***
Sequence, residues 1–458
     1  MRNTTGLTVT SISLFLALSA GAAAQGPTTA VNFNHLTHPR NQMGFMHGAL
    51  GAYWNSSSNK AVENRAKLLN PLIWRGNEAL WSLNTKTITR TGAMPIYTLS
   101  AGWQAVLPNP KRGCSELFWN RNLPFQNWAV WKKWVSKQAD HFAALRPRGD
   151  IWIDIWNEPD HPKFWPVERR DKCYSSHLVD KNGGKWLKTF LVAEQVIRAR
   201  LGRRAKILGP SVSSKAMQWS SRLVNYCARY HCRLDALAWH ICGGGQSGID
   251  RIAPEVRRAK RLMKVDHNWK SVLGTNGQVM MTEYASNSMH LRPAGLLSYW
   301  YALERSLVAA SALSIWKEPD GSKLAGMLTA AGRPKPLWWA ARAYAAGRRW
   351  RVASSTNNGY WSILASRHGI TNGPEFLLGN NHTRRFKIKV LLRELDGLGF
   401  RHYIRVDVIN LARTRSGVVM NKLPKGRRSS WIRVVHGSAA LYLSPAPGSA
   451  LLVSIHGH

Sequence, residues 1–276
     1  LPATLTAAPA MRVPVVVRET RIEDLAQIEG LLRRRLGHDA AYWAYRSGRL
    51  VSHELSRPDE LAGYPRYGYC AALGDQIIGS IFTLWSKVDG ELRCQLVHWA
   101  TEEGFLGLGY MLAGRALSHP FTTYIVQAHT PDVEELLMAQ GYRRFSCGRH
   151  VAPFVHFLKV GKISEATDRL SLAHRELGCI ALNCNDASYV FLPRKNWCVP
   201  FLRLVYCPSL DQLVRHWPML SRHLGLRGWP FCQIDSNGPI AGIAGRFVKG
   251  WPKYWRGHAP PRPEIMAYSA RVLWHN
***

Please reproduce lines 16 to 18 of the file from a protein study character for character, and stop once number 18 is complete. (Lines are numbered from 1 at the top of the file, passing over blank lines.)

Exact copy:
   151  VAPFVHFLKV GKISEATDRL SLAHRELGCI ALNCNDASYV FLPRKNWCVP
   201  FLRLVYCPSL DQLVRHWPML SRHLGLRGWP FCQIDSNGPI AGIAGRFVKG
   251  WPKYWRGHAP PRPEIMAYSA RVLWHN